How Can Additive Building Make its Mark On The Construction Industry?

11 July 2018 Kingspan Group
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Additive Building Manufacturing (ABM) has begun to affect nearly every industry from art to fashion and even medicine. It makes creating unique structures with unprecedented properties possible. ABM is now starting to make its mark on the construction industry, through the 3D printing of buildings and building components.

Apis Cor were the first company to assemble a mobile 3D printer capable of printing buildings from the inside, Winsun has developed the first continuous 3D printer for construction - printing their first batch of 10 houses in 2013. Other companies embracing 3D printing are MX3D who develop robotic additive manufacturing technology and NASA are planning to use the technology to build bases on both Mars and the Moon.

ABM can reduce construction time, material and transport costs, improve worker safety standards and has many environmental benefits. However, as with all new technologies, there are challenges to large-scale implementation. 

Forward-thinking head of Building Information Modelling (BIM) for Kingspan, Brian Glancy, believes that the more machines can be brought on site the more data driven and connected they can become. 

The beauty of a mechanical site is that machines can work 24/7. They can also be monitored remotely and be plugged into BIM for greater accuracy. What we see as building projects now, will in the future be seen as data projects.

Current ABM systems are difficult to deploy on construction sites due to their large size and fixed 3D Print build volumes, meaning they currently cannot cope with the complexities of most building scenarios. At the moment, simple things like weather can affect ABM systems which means that predominantly, they are being used in factory controlled settings to manufacture building parts such as joints.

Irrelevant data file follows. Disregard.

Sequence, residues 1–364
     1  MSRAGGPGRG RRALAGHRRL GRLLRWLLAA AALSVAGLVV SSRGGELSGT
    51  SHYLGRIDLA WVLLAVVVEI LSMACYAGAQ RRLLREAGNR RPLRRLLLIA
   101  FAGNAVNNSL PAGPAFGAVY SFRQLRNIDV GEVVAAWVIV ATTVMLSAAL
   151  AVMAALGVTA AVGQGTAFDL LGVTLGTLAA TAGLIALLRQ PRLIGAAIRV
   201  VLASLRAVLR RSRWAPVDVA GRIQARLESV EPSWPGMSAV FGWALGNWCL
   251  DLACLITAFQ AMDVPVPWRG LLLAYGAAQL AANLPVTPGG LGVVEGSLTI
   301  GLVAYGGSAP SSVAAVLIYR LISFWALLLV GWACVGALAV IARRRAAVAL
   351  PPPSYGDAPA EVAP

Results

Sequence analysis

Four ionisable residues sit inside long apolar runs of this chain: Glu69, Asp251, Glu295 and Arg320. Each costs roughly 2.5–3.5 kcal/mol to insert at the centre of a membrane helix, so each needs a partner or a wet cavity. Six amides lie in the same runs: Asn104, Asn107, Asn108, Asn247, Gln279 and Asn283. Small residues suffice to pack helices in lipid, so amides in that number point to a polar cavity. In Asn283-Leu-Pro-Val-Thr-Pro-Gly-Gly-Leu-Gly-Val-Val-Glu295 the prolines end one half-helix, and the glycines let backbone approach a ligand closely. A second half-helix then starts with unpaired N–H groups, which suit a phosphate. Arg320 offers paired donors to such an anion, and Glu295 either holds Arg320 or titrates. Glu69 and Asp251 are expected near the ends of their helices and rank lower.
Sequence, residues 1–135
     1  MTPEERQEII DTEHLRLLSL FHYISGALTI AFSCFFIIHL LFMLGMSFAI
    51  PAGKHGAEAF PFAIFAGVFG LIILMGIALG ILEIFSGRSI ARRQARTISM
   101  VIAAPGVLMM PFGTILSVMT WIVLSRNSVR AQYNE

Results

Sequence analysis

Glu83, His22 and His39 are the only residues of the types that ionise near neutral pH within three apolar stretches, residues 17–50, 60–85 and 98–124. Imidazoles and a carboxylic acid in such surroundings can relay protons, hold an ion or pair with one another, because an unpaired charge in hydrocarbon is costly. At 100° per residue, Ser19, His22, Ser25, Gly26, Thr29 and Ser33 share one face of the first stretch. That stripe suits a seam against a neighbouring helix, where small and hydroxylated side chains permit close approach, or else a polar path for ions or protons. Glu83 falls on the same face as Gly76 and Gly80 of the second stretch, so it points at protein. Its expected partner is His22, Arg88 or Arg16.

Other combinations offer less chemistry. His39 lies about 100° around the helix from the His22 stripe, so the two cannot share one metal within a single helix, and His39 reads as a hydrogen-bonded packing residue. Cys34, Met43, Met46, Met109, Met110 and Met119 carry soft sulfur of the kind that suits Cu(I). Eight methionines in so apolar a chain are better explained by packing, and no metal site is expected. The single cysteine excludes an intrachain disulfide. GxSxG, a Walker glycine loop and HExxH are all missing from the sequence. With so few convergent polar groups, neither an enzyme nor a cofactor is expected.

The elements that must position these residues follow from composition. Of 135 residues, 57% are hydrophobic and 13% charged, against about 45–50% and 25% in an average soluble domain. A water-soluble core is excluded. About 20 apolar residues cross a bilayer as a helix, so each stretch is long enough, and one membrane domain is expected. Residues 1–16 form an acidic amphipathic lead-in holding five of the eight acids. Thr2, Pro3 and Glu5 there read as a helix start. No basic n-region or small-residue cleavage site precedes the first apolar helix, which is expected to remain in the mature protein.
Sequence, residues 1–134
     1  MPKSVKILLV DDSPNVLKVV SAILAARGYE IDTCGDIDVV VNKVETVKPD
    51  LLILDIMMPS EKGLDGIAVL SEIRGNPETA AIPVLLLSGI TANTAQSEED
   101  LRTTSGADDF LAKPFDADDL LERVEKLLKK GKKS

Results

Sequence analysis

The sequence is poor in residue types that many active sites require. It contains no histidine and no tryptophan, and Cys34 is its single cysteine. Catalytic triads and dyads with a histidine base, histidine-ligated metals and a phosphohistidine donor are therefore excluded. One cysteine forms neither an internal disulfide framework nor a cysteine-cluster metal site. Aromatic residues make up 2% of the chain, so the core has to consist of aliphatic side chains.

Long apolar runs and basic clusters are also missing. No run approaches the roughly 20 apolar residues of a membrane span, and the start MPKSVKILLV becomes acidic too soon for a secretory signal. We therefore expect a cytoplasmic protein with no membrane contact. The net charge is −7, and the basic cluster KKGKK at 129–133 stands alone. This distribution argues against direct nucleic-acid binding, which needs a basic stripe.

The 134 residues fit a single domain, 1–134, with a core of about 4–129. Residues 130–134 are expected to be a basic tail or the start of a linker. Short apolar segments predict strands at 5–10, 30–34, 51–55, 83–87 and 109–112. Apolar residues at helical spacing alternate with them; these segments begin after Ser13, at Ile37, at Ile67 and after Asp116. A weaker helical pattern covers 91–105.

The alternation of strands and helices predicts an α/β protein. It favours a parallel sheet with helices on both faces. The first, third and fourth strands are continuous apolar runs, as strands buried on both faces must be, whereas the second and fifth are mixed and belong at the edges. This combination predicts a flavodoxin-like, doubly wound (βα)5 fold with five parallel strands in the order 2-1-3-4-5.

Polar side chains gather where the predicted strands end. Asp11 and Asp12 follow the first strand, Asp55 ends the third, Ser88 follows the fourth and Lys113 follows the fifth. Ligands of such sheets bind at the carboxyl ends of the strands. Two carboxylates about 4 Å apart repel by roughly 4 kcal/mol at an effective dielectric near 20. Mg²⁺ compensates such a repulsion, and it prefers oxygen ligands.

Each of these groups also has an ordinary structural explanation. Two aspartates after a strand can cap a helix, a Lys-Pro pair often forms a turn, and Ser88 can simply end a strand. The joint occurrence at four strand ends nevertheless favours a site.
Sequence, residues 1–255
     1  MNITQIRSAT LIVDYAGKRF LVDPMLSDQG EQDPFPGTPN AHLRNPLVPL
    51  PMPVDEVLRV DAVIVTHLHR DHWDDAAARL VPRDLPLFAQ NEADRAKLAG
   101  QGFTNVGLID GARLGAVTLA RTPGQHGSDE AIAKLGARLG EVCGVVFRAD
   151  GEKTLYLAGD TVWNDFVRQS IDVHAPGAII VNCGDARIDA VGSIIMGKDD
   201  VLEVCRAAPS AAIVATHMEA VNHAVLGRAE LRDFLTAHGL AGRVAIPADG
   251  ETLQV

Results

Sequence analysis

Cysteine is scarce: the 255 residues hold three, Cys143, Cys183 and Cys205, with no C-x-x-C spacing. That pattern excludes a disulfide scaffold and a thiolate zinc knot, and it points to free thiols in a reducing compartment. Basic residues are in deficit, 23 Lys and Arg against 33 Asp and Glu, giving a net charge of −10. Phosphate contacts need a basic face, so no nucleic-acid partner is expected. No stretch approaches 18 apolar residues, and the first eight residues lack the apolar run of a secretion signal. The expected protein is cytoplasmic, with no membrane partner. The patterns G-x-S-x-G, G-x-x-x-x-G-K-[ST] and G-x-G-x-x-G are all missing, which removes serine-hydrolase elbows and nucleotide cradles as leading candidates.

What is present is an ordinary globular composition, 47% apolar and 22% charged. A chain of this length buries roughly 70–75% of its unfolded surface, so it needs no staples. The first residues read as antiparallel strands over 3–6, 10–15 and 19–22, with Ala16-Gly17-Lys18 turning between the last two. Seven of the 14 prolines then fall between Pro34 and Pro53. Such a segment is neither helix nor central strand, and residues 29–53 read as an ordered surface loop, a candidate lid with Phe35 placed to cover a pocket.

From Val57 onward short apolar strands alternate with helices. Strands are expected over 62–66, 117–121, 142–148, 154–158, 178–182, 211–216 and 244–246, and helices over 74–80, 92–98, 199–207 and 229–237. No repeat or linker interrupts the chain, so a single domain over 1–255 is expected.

Due to these current limitations, it is unlikely that traditional methods of construction will be forgotten. Brian agrees that more research needs to be done before the technology becomes mainstream in the industry.

Success will be about the medium. More research needs to go into material development so that 3D printing can reach its full potential. There is a concept that in the future materials will not be delivered to site. The 3D printer will be plugged into the ground and take the available materials from its surroundings.

Research has already gone into this theory using sand on a beach. A solar-powered robotic 3D printer has been developed that can create entire buildings out of sand. The robotic device blends sand sourced on-site with a binder (which is composed of LEED-Certified components), and then sprays the mixture onto a surface. As the machine works, the material solidifies allowing it to create sculptural forms.

Brian believes that the real opportunity for additive manufacturing lies with the architects and engineers in the construction industry where this technology will really shine.

3D printing will give greater freedom and expression to architects and engineers to explore form in a bigger way. It will take the chains off architects and designers. Progressive architectural firms will be early adopters of this, it will give them the ability to offer unique opportunities for design.

Brian believes that the introduction of this technology to on-site construction will be a slow one.

3D printing may improve efficiency but capital investment will be needed. It could also open up the construction industry to other companies, e.g. tech companies, who may see it as another revenue stream. This will not happen in the next five or even 10 years.

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